Published 27 June 2016
The Federal Court of Australia set aside an order made by the Federal Circuit Court after finding a recommendation to not continue the employment of a Prison Officer in Training constituted adverse action.
Perez accepted a temporary position as a prison officer in training on a fixed-term contract.
Perez claimed he had been harassed and victimised by staff in relation to an incident where he allegedly placed both himself and other prison officers at risk by entering a maximum security section alone where prisoners had previously engaging in threatening behaviour. Perez denied this assertion and wished to see the CCTV of the incident. This footage had been taped over in accordance with protocol.
Perez was required to undergo a performance appraisal as part of his training. Adeyemo, his appraiser, criticised Perez on a number of counts. Perez reacted negatively to this criticism and Tunney, a chief prison officer, organised a meeting with Perez based on his ‘unusual’ response and performance issues raised by other officers.
Perez claimed he had developed depression and anxiety from work at the correctional facility and took sick leave. He was unable to return to work in the main prison facility due to anxiety and instead worked in an area of low security. Yan decided to suspend Perez, concerned he would sustain further harm.
On expiry of his 12-month contract, Perez’s employment was not continued. It was agreed by the Department in evidence that a prison office in training could expect to be appointed to a prison officer role at the conclusion of their 12-month contract and completion of their Certificate III.
Perez sought compensation based on alleged adverse action by his employer; however these were rejected by the Federal Circuit Court of Australia (FCC). Perez sought an appeal by the Federal Court of Australia as he believed the Judge should have found adverse action in regards to the following:
- Tunney and Bell’s formal performance management action against Perez
- Andrews and Brown’s contribution and Adeyemo, Tunney, Yan and Ballantine’s passive contribution to destroying CCTV footage requested by Perez in relation to an incident mentioned in his performance appraisal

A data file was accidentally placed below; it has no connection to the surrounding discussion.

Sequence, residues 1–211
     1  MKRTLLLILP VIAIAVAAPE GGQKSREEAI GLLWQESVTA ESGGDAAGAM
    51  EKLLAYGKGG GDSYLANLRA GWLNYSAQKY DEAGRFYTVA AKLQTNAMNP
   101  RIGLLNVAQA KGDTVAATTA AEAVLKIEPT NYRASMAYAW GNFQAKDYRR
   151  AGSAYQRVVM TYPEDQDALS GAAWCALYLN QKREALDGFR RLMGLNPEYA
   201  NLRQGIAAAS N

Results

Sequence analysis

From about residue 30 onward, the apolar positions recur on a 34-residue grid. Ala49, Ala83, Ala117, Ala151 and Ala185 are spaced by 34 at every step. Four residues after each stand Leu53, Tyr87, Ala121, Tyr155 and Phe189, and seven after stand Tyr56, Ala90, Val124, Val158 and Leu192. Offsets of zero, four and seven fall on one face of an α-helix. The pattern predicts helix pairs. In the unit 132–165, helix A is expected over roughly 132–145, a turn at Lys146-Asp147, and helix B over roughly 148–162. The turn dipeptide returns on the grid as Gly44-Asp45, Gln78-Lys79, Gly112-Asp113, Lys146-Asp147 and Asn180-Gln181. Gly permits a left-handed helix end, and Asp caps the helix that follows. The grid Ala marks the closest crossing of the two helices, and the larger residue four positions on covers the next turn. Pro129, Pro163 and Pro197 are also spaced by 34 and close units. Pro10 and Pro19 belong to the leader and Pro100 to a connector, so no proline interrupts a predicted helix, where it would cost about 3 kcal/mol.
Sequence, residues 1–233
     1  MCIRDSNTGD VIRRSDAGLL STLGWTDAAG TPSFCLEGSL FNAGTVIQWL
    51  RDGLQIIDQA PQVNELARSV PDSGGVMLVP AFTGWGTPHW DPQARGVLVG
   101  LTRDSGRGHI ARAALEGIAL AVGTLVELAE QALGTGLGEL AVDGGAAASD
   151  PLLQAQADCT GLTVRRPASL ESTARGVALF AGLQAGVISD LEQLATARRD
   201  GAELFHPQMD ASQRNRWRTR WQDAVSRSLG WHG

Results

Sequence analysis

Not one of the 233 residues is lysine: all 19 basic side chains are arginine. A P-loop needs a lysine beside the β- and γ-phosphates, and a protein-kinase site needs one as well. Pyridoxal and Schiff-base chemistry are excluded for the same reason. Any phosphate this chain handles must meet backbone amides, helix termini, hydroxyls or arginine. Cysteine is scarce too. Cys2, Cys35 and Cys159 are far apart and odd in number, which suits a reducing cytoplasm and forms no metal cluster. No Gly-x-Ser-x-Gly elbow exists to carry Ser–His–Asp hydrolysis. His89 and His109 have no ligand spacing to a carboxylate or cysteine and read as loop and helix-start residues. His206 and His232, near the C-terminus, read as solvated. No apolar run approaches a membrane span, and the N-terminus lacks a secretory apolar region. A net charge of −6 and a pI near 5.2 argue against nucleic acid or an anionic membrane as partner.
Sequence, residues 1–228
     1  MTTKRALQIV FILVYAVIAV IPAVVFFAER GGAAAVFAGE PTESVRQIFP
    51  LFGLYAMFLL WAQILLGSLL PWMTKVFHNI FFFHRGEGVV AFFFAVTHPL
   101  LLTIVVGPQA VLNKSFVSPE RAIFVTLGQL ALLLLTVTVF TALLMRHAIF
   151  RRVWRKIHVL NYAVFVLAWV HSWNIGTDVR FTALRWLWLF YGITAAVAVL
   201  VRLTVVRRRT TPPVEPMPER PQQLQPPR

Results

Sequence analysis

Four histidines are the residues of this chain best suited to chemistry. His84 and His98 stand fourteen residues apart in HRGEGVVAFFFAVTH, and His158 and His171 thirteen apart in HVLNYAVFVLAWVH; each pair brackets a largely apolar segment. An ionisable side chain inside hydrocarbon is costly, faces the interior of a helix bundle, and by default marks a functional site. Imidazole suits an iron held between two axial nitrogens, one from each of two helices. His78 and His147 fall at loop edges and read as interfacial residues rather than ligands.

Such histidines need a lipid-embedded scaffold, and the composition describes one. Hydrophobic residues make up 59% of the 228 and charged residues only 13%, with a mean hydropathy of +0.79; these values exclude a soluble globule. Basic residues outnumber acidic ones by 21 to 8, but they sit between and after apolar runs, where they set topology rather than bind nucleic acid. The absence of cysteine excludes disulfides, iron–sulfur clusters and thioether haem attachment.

- Andrews’ recommendation that the employment contract of Perez not be continued
- Yan’s indefinite suspension of Perez
The Court believed the FCC Judge had been correct in concluding the performance review meeting did not constitute adverse action, as Perez’s reaction to his appraisal was ‘unusual’ and his difficulty in responding constructively to criticism was the reason for the review meeting. Further, Perez claimed the performance review meeting would affect his employment as it would be recorded on his personnel file; however there was no evidence suggesting this occurred. As such, the Court found the appeal failed on this ground.
The Court ruled the “spoliation” of the CCTV footage requested by Perez did not constitute adverse action. The Court found Perez had no entitlement to view the CCTV image, however even if he had, it was not denied to him as the relevant section was reviewed by Ms Andrews in her investigation of the matter and later by the Judge at trial. In addition, the footage was taped over in accordance with protocol and there was no evidence it was taped over out of an alleged conspiracy to discredit him. Consequently, this ground of the appeal failed.
The Federal Court found Ms Andrews’ recommendation that Mr Perez’s employment not continue did constitute adverse action. Her recommendation was capable of undermining the expectation that Perez would complete his Certificate III and be appointed as a prison officer and therefore could have injured his employment. Significantly, the Court held that the Department had not discharged its onus under section 361 of the Fair Work Act in relation to this claim. It had not even provided any evidence that the recommendation had not been made due to Perez exercising his workplace rights to make a complaint. In response, the Court found this part of the appeal succeeded. The FCC Judge had failed to make a determination on this issue.
The Court found Perez’s claim that he was suspended based on “mental disability” was overlooked because Perez had not referenced this in his closing submissions. Although it was noted that Perez had represented himself at the trial.
The Court found Perez’s claim that the FCC Judge was biased was unsubstantiated, believing ‘the fairminded observer would not have had any apprehension that the judge had some preconceived view about the merits of the appellant’s claims’.
The Court allowed the appeal in part and set aside the orders made in the FCC. The case was remitted to the FCC to consider whether relief should be granted in respect to the adverse action of Andrews’ recommendation and whether Perez’s suspension constituted adverse action.
This content is general in nature and provides a summary of the issues covered. It is not intended to be, nor should it be relied upon, as legal or professional advice for specific employment situations.
Olexo Workplace Law recommends that specialist legal advice should be sought about specific legal issues.